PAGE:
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The Beauty Essay

(First of Two Parts)

I nearly ran over Gloria Diaz many years ago when I was learning to drive. If it had not been for my driving instructor's nervous bark, I could have run over the former Miss U and I could have died! You see, Gloria Diaz was an icon of my childhood, a figure that dominated the many awakenings of my teenage years. I could not, in fact, recall a time when I did not know who she is, or, for that matter, who Margarita Moran is.

I grew up in a time when beauty queens were household names, of top celebrity status, and as faces that induced purchase and buoyed brand recall, were feted accordingly, etherealized by a beholden press. It was a heady time, albeit strange, a time when delegates sent to compete overseas actually placed, winning seemingly left and right, bringing home either the coveted crown or a vaunted runner-up spot. It was a time when we, egged on perhaps by beauty victories too many, actually believed we are a good looking people, a time when this peculiar sense of pride was taught in school, heralded in the media in an almost insisting tone - and maybe correctly so, considering the Filipino's shifty self-loathe[i].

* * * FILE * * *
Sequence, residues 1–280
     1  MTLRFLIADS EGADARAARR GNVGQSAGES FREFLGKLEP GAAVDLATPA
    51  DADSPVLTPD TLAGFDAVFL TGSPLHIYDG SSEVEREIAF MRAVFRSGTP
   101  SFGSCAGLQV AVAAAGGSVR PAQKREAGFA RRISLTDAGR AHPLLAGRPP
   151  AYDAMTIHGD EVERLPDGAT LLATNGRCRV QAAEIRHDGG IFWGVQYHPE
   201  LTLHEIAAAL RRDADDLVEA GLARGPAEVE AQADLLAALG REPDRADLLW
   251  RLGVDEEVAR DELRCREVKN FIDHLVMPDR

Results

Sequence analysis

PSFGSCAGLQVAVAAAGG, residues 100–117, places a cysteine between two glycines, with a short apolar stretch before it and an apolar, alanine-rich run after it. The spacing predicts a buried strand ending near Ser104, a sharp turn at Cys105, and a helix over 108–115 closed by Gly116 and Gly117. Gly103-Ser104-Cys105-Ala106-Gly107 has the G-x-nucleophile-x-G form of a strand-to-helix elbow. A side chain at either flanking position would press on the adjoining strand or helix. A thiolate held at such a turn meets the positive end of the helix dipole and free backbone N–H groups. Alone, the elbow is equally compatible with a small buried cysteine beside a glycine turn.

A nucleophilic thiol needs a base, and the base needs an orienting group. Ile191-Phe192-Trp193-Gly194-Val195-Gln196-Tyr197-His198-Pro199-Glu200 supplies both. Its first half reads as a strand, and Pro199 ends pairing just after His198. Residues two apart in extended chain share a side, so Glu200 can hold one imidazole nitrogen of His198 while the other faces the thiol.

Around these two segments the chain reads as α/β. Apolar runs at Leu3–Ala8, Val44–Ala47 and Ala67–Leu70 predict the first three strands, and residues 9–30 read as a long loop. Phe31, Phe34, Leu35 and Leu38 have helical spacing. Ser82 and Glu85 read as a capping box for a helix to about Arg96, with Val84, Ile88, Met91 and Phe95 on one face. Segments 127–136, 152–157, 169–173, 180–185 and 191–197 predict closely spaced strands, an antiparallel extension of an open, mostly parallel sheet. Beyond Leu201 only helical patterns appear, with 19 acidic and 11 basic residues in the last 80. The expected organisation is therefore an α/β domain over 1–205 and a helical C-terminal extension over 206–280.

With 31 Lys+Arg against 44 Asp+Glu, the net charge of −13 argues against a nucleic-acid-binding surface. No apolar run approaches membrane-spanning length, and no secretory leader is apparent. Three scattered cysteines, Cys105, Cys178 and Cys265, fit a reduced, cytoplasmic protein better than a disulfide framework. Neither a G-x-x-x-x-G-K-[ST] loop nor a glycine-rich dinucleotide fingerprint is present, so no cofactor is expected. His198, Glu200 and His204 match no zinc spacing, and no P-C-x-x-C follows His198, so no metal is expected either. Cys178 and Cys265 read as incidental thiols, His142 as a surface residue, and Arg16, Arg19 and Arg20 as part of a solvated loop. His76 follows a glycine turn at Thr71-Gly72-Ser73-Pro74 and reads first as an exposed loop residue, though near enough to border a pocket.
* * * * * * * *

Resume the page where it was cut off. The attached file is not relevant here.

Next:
It was a curious time marked, on one hand, by optimism, and on the other, by a certain wariness, the uneasiness when one suspects that something is amiss. Marcos was on the last leg of his second term, a new Philippine constitution was being drafted, and the body tasked to draw up the new charter was not too keen on a presidential third term, and one noted, with a festering disquiet, the growing unrest on the street and in the countryside, the mounting dissidence in the academe, counting among its ranks some of the era's best and brightest.

All these would take a back seat each time a local girl won in a pageant abroad. Thoughtfully packaged to entertain and amuse, the attendant TV appearances and magazine spreads, welcomed deviations as they were, lulled the growing discontent. And then, the unthinkable[ii] happened: only about two months before the Declaration of 1081, Gemma Cruz, a winner of a children's story writing contest before winning an international beauty crown in Long Beach, California, came forward to denounce beauty contests, calling them irrelevant, going as far as noisily picketing the coronation night of the contest she entered years ago. "In the face of the socio-economic crisis, threats to our civil liberties, our pursuit of happiness and democratic processes, I have no other choice but to deplore beauty contests as the height of irrelevance." a statement she released to the press said shortly before the Makibaka (Malayang Kilusan ng Bagong Kababaihan) picket at the Araneta Coliseum.